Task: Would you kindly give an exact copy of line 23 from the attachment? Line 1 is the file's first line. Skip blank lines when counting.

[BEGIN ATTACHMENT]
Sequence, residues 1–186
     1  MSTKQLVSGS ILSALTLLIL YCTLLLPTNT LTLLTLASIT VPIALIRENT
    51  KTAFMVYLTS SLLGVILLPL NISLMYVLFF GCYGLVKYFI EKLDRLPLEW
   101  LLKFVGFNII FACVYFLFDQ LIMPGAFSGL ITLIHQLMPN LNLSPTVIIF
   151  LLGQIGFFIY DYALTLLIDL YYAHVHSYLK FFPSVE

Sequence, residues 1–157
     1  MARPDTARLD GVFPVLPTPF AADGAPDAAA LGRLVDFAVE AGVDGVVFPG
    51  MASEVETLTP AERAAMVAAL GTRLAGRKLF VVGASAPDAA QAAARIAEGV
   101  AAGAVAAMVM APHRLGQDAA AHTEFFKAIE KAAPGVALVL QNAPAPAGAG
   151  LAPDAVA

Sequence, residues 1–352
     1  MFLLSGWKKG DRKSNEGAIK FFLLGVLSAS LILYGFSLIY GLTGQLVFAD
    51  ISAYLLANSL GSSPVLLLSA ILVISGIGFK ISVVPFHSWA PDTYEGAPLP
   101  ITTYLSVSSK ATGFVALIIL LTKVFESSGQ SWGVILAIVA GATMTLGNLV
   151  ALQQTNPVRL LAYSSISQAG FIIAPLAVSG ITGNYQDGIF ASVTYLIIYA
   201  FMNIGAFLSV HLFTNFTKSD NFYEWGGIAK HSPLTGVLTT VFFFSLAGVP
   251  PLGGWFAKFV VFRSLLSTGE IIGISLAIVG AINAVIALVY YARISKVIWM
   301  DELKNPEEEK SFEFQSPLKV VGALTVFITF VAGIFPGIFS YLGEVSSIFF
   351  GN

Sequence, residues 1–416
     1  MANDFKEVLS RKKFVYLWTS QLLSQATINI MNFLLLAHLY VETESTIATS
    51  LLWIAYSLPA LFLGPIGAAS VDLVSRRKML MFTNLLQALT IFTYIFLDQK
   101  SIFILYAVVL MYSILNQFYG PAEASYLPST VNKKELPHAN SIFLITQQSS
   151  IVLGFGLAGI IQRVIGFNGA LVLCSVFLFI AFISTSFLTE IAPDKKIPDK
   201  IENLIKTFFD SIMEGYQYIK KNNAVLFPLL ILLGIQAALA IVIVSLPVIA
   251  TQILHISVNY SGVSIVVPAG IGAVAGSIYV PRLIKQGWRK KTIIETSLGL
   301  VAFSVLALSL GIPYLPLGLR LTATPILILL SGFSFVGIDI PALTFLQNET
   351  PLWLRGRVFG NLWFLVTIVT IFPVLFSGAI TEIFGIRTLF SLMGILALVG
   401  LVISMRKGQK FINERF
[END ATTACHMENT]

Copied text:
   101  SIFILYAVVL MYSILNQFYG PAEASYLPST VNKKELPHAN SIFLITQQSS